Oscar Chipper (age 12.5): How many boyfriends have you had?

Madeleina Kay: Given that I am a super girl, you’d be disappointed to know: not very many. I’m far too busy fighting Brexit to find time for a boyfriend! In fact for the last 2 and a half years I’ve actively avoided it! But I’ve always been a bit of a “lone wolf” – and the boys I have dated have never been that nice to me – so maybe I need to learn to pick better ones?! That can be my mission after we stop Brexit! I have met some fantastic, inspiring and caring people through campaigning and made memories and friendships that will always stay with me. 

At the People’s Vote March on Oct 20th, Maddy recorded this video for Archie and Oscar who were unable to get to London:

Jo-Jo Chipper: What is the most unusual public appearance you’ve been asked to do for the Remain cause?

Madeleina Kay: This is a difficult  question; It depends how you define “unusual”. In terms of media appearances, the final episode of the Daily politics show, which consisted of a “Summer tea party” on a blazing hot day in June, with a mad set of cardboard cut-out politicians, interspersed with real politicians and an impersonator who were rotated in a “speed dating” style fashion, around a table with coffee mugs full of lemonade and a chocolate caterpillar cake that melted in the heat. The presenter asked us some fairly bizarre and trivial questions, like “How is the Brexit Crime fighting going?” without time to give any meaningful response. It was a suitably Alice in Wonderland level of bizarre for a tea party.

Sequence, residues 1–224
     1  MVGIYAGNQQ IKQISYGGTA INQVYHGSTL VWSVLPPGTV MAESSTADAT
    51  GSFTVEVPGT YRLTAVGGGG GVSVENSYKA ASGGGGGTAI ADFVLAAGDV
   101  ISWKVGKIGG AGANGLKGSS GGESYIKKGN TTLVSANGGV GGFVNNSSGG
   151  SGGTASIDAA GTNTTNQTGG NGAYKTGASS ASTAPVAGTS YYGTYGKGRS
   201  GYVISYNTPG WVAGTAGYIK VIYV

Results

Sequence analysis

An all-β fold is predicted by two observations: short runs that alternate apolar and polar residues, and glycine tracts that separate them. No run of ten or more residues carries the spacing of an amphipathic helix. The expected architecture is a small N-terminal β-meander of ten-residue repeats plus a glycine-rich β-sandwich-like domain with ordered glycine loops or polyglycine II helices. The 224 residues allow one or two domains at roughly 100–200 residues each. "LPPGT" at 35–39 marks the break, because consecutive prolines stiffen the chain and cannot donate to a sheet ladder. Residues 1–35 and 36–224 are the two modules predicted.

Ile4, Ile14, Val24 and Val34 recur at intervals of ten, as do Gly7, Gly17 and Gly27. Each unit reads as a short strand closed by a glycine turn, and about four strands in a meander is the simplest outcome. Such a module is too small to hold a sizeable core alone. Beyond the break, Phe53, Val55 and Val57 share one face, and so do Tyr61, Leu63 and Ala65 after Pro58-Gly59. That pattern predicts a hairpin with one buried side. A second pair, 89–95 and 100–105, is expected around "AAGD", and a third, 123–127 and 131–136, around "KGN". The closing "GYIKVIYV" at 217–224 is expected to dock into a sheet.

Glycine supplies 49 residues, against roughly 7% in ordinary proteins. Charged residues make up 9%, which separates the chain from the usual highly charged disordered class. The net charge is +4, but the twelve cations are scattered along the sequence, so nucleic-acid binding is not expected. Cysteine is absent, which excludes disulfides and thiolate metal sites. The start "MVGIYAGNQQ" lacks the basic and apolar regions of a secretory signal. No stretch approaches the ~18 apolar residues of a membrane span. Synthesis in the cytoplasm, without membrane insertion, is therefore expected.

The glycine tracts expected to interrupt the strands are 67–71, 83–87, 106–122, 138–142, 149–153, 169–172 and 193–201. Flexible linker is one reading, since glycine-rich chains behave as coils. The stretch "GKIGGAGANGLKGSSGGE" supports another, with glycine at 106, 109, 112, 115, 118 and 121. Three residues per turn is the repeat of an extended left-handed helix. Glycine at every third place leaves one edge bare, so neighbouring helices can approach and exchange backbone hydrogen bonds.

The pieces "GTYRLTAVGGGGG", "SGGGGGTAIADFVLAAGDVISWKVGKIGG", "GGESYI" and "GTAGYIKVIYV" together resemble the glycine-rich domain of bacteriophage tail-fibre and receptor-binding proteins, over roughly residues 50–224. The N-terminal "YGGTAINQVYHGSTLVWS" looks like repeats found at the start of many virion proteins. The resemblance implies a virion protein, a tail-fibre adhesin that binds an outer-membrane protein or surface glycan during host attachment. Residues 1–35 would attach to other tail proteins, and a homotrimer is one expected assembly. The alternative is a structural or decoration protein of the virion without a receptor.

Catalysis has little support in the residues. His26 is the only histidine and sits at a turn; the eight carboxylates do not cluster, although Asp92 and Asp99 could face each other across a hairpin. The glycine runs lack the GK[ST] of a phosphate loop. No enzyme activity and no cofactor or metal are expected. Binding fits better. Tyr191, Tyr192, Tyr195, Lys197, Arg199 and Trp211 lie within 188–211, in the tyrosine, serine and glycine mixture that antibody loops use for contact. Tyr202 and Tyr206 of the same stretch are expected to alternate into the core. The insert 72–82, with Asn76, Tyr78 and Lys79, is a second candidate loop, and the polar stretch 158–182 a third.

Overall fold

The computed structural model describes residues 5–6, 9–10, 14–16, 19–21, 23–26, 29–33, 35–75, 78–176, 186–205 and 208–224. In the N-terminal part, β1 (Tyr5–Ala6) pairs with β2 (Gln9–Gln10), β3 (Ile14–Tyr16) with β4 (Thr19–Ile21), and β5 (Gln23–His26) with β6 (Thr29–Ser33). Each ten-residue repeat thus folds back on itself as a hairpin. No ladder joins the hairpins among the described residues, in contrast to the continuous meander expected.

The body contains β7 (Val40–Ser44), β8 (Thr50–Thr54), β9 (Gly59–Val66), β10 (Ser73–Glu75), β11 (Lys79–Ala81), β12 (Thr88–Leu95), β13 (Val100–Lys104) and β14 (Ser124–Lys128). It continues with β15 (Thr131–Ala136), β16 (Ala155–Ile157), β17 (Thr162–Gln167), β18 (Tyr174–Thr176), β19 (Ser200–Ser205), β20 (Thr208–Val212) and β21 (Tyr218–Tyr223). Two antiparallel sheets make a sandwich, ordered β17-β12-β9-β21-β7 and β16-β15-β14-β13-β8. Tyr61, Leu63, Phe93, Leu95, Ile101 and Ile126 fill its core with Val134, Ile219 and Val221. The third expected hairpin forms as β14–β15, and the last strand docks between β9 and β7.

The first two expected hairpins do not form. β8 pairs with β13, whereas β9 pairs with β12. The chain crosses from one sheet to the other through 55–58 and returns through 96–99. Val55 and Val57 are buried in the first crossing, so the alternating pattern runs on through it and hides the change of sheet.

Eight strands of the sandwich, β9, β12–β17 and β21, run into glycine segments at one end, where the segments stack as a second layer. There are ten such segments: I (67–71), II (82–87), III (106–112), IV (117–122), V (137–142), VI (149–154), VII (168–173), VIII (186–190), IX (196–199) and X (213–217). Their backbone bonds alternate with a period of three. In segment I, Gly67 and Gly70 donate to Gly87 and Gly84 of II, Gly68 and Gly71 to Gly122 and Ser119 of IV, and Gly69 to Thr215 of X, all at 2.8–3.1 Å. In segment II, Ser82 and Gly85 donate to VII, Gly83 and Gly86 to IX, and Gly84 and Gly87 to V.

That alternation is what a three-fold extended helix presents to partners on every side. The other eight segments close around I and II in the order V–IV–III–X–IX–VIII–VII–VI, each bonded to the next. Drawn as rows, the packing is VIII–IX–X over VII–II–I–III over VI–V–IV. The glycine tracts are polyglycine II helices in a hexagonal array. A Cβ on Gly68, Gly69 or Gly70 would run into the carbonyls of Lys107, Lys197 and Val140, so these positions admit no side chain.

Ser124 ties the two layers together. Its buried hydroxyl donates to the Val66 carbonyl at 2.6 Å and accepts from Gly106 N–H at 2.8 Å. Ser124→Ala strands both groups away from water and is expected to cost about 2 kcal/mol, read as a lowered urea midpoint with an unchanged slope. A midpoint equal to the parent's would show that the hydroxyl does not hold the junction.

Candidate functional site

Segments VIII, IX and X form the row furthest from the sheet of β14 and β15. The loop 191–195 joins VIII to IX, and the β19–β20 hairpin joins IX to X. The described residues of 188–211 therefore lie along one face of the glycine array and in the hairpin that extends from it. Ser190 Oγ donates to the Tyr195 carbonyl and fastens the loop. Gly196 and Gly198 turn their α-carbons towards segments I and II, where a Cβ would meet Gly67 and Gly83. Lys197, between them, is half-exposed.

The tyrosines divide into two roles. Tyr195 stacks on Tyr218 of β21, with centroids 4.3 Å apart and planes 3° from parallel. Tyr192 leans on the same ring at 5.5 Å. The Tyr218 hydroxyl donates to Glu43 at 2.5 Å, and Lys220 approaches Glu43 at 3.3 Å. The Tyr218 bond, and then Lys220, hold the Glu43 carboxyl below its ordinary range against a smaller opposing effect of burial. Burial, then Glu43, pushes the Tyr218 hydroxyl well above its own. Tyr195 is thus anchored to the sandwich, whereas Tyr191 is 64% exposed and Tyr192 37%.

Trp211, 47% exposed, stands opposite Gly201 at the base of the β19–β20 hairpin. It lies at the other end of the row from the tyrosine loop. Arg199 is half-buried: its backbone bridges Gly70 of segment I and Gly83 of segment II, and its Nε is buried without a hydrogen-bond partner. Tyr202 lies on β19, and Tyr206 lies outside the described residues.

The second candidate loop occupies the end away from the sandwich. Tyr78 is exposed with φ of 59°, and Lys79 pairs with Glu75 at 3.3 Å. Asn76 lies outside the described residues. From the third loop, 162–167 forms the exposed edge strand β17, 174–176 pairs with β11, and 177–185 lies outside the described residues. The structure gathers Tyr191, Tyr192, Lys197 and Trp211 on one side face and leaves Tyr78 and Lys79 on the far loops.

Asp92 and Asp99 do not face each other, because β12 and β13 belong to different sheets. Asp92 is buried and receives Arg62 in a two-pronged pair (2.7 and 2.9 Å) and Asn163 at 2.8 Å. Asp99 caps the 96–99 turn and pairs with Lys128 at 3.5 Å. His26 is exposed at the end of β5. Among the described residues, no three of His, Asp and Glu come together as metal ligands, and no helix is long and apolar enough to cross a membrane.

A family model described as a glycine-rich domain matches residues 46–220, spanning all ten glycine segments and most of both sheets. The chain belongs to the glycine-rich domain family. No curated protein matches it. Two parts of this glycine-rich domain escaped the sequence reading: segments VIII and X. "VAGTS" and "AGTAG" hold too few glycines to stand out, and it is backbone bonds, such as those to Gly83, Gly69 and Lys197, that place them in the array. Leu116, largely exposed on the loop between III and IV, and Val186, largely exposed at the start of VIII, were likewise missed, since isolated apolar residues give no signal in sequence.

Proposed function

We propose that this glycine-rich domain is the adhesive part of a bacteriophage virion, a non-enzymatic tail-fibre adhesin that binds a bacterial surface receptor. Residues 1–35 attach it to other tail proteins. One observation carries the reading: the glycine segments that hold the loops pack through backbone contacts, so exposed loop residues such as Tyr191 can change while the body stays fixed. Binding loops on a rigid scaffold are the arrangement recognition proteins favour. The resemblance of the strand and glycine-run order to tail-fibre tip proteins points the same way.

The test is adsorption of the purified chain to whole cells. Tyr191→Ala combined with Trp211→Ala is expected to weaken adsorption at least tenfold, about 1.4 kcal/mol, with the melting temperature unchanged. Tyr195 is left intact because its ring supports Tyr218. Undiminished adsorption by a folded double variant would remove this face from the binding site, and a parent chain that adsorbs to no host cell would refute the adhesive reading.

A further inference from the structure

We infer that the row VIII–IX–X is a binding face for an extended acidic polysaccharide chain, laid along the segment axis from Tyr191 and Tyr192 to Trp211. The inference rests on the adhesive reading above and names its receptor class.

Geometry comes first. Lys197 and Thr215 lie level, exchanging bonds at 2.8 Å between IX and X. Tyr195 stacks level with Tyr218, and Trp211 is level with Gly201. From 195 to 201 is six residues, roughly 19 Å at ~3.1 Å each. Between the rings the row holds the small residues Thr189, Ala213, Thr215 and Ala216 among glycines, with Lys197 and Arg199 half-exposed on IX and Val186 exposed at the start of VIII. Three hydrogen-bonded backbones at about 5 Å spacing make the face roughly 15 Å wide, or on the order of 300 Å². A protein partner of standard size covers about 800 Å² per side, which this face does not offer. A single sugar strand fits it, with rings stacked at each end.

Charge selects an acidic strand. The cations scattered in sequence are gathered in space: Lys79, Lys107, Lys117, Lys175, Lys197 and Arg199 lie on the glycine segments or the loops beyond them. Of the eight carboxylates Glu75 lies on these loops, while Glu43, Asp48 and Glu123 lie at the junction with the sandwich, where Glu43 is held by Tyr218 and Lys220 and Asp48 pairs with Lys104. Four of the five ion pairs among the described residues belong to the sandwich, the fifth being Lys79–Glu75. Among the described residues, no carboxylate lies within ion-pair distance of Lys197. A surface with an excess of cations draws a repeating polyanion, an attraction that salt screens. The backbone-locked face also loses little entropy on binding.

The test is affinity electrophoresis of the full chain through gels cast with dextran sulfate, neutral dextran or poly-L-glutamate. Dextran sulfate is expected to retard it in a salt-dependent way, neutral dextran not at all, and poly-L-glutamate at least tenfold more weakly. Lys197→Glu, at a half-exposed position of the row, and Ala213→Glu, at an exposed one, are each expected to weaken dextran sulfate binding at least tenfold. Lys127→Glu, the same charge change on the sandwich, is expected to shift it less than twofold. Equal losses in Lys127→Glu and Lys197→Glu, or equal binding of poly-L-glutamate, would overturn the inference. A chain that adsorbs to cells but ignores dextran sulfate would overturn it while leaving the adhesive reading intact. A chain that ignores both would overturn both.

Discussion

But in terms of events I have been invited to; travelling to Warsaw to speak and perform at the Schuman Foundation report on the Brexit and Remain campaigns was an amazing opportunity. Speaking at Manchester Design Festival, was a privilege that commended my achievements as an “artist” as much as a “political activist”. But my favourite grassroots events have to be the boat parties – we’ve done 2 now on the Thames – The first time I dressed as a pirate, the second as a sailor. They are so much fun, we have a great time and the videos/photos from the trips are always very strong.

Madeleina Kay

 
Thanks to Maddy for taking part, next month we have Labour MEP Seb Dance answering your questions. You can read more about Maddy on her website here: Alba White Wolf